At the National Library of NZ we’ve been on Flickr for nearly a year now, looking at it as another way of sharing our digital collections with people. We also hooked into Flickr with our ‘In 2017 libraries will be … ‘ campaign, using it as more of a comms/marketing tool. Our experience on Flickr has been overwhelmingly positive, and I think it’s an easy and effective (and educational!) way to start out in the Web 2 world.

    We’ve also been blogging since last August – on LibraryTechNZ and Create Readers. Blogging (as I guess you know!) is far harder in terms of staff resources, but rewarding in a different way. These are blogs for very specific audiences – check out the Christchurch City Libraries blog for an example of a great NZ library blog for a more general audience.

    At the Museums and the Web conference in April, I went to a terrific workshop by Seb Chan and Angelina Russo, about using social media in museums (my notes are here). The key point was: social media is hard – the technology is not. I guess my attitude is that the ‘technology’ should be a largely invisible means to an end – you don’t think twice about the intricacies of technology when you make an international phone call, you just think about the person you want to talk to.

    Making time for all this can be difficult, and it can be hard to estimate in advance how much time various activities might suck up. Nina Simone wrote a great post a couple of weeks ago about what the time-costs are for various kinds of Web 2 activities – you can read about it here.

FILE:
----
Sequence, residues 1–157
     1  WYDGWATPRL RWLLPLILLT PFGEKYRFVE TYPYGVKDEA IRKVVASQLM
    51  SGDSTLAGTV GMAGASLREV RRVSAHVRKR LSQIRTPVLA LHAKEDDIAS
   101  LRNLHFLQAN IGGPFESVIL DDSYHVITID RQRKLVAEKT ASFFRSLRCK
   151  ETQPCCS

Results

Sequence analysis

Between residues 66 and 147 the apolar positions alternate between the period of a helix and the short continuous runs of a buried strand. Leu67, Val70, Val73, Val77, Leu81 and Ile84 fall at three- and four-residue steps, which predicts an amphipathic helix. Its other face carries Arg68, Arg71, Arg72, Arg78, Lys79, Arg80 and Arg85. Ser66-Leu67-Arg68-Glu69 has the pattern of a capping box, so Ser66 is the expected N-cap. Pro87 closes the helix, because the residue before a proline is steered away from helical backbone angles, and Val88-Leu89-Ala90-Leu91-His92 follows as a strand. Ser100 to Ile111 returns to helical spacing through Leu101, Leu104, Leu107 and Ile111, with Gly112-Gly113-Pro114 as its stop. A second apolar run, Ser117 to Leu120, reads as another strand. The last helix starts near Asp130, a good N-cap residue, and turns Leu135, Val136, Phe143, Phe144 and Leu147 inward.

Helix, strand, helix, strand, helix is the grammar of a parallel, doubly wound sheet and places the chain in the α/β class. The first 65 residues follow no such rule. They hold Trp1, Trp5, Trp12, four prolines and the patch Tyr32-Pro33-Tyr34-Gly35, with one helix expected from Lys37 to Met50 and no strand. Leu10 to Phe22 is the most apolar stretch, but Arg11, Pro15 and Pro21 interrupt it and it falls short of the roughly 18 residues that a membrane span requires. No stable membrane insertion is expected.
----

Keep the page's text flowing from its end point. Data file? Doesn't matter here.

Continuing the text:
Good luck with the project!

  2. I have been using a blog for my digitisation project. It is a private blog, and I have invited colleagues who are involved in the project to view it. It is a useful communication tool as colleagues can look at it at a time convenient to them to get the latest updates on the project. I have had good feedback on this. I have used WordPress to host it as there are static pages where I can put weekly plans, project specs., bibliography, etc. I have widgets, such as a blog roll, a calendar and links to relevant sites. I like the way I can change the information very easily as well as posting each week. I haven’t yet figured out how to do an RSS feed to let my colleagues know when the blog has been updated. There is plenty of potential in Web 2.0 both for updating colleagues and for the Library to reach its users.

  3. I’d be very interested in investigating using a blog for the Modern Scottish collections. I would see it as a quick and easy way of drawing attention to the collections eg picking up on literary prizes, deaths(!)of authors, new publications, publicity for events etc, as a support to the more static and formal information on the webpages.

  4. I just can’t decide how much potential Web 2.0 has for NLS. I can see Francine and Andrew’s point that, for a closely defined group of users with a common specific interest, the exchange of ideas and resources which blogs make possible represents an improvement on listservs etc. And I think the idea of information services being able to harvest and reuse our content is quite in keeping with our aim of making available the knowledge of Scotland and the world.